With a broken economy, skyrocketing unemployment and persistent inequalities across race, gender and class, students are opposing a system that perpetuates the status quo rather than overcoming it.
The time has come to reflect on how universities can become positive agents for change. We must reject the dominant output-driven model to focus on the intersection between social, personal, ecological and economic wellbeing. When it comes to teaching, universities should encourage the integration of curricula, requiring students to straddle disciplines, at least during the undergraduate years. Graduate modules, master’s degrees and doctorates would still be offered to those interested in academic specialisation, but with critical contributions from other streams of knowledge. In particular, the natural and human sciences and applied sciences must strive to ensure collaboration rather than competition.
Teaching and learning must be an emancipatory experience for life, not just to get jobs. The Allan Gray Centre for Leadership Ethics at Rhodes has piloted an innovative teaching module that encourages students to explore the nexus between their moral dimension, psychological predisposition and collective social change. It is a beautiful and fulfilling experience for students, especially in the early years of their academic training, which allows them to deepen their understanding of human behaviour in a way that helps them connect with one another rather than through competitive attitudes.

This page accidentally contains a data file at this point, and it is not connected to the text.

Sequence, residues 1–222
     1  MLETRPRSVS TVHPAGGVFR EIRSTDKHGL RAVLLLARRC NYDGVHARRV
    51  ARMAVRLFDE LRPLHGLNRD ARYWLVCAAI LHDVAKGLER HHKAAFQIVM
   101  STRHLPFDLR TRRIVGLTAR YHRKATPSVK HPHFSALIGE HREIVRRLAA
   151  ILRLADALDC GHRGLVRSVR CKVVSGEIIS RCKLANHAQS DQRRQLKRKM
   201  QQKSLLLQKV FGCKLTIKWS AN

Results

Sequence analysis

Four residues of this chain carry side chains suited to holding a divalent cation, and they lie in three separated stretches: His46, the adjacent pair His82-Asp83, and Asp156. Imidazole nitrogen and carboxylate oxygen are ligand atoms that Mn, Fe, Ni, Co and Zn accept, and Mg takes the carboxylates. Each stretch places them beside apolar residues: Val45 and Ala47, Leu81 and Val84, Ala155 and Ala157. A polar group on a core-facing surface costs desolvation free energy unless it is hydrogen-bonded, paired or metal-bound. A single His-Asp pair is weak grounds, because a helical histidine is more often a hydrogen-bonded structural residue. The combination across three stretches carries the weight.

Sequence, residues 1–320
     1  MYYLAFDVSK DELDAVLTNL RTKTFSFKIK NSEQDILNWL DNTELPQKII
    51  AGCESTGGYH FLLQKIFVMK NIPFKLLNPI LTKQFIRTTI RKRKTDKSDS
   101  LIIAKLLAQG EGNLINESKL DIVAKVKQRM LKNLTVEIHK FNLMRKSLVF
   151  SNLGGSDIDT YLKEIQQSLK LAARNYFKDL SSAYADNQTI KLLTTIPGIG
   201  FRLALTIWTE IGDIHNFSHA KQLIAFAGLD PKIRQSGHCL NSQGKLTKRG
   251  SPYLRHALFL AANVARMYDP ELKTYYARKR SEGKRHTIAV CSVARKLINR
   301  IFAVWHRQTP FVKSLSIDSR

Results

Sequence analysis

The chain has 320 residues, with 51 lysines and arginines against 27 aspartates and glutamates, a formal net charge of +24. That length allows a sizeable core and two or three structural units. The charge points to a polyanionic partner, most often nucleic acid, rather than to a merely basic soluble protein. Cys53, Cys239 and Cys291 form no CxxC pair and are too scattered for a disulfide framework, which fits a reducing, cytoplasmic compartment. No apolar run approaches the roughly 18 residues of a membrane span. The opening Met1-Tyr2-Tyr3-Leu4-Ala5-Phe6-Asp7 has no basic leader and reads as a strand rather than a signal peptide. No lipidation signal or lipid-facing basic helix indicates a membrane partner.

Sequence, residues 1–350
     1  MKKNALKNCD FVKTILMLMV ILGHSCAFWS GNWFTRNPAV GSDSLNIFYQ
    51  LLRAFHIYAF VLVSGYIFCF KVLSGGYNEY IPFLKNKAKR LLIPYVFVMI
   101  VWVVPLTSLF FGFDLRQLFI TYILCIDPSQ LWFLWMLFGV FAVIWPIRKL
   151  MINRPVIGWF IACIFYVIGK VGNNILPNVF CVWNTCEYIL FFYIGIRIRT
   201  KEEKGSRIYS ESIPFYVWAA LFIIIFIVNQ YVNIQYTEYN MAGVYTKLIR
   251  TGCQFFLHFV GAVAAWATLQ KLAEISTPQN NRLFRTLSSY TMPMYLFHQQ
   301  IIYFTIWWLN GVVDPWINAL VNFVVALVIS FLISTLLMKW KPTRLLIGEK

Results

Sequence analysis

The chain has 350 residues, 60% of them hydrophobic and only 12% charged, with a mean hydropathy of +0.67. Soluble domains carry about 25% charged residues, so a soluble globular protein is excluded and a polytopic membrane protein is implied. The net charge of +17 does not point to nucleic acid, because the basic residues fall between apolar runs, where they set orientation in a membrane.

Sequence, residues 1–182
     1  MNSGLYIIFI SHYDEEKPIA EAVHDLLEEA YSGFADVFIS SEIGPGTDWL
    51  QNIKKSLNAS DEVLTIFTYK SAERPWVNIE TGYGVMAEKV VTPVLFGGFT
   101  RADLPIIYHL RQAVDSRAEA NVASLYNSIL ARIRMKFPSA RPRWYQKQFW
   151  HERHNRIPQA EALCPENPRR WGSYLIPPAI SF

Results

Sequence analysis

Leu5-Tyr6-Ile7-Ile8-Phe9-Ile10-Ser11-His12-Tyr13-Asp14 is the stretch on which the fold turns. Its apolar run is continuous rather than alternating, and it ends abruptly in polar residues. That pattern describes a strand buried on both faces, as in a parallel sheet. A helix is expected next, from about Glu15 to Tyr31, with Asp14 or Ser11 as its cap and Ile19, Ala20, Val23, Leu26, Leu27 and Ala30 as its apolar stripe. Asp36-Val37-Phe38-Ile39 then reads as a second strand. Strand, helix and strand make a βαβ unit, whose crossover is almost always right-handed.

While recognising the importance of outputs, universities must place more emphasis on the fair distribution of their resources, countering a belief that excellence is synonymous with “bubbles” of specialisation. We need collective leadership and open collaboration that are likely to produce much higher returns than the conventional centres of excellence that absorb much of public funding for research.
In terms of performance, universities will need to wean themselves off international rankings to develop a more multifaceted, “soft” approach to success. Performance indicators should privilege features such as community development, the self-reported satisfaction of students and employees, availability of support services to students and employees and the sustainable use of resources.
Infrastructure design needs to change. Universities have not been designed for collaboration and interaction, let alone to redress inequalities in society. We need open universities, with osmosis between the external environment and internal dynamics. Infrastructure must be welcoming to visitors and students, with many spaces to gather, reflect and interact. University management should be decentralised. A networked university is more likely to adapt to changing needs and encourage innovation than a hierarchical one. Integrated management that elicits the inputs of all stakeholders in a collective leadership approach through dialogues and consultations, would help turn our universities into laboratories of social innovation.
To paraphrase Readings, I would argue the time has come for students, lecturers and all those interested in the future of education to reimagine the future, without concession to the narrow pursuit of output-driven competition or recourse to nostalgia. We need to come out of our professional shells to build collectively a more fulfilling and relevant education experience for all.
- Fioramonti is professor of political economy at the University of Pretoria and a member of WE-Africa.org